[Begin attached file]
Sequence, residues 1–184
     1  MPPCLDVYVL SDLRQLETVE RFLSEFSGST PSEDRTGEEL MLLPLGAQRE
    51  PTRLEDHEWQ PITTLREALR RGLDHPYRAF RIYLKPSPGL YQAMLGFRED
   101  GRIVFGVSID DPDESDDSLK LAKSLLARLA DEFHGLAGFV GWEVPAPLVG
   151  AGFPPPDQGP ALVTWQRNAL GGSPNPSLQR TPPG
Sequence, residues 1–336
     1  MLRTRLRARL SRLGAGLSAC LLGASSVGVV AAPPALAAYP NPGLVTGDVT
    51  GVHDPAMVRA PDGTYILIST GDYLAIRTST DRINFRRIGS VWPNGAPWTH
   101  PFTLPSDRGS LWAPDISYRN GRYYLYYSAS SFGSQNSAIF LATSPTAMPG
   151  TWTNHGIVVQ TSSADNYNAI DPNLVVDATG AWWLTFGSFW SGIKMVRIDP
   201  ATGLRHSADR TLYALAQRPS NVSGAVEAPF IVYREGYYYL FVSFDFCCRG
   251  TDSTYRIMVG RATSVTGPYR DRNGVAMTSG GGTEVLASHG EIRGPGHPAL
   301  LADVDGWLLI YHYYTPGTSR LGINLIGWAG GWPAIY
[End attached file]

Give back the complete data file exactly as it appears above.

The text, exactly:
Sequence, residues 1–184
     1  MPPCLDVYVL SDLRQLETVE RFLSEFSGST PSEDRTGEEL MLLPLGAQRE
    51  PTRLEDHEWQ PITTLREALR RGLDHPYRAF RIYLKPSPGL YQAMLGFRED
   101  GRIVFGVSID DPDESDDSLK LAKSLLARLA DEFHGLAGFV GWEVPAPLVG
   151  AGFPPPDQGP ALVTWQRNAL GGSPNPSLQR TPPG
Sequence, residues 1–336
     1  MLRTRLRARL SRLGAGLSAC LLGASSVGVV AAPPALAAYP NPGLVTGDVT
    51  GVHDPAMVRA PDGTYILIST GDYLAIRTST DRINFRRIGS VWPNGAPWTH
   101  PFTLPSDRGS LWAPDISYRN GRYYLYYSAS SFGSQNSAIF LATSPTAMPG
   151  TWTNHGIVVQ TSSADNYNAI DPNLVVDATG AWWLTFGSFW SGIKMVRIDP
   201  ATGLRHSADR TLYALAQRPS NVSGAVEAPF IVYREGYYYL FVSFDFCCRG
   251  TDSTYRIMVG RATSVTGPYR DRNGVAMTSG GGTEVLASHG EIRGPGHPAL
   301  LADVDGWLLI YHYYTPGTSR LGINLIGWAG GWPAIY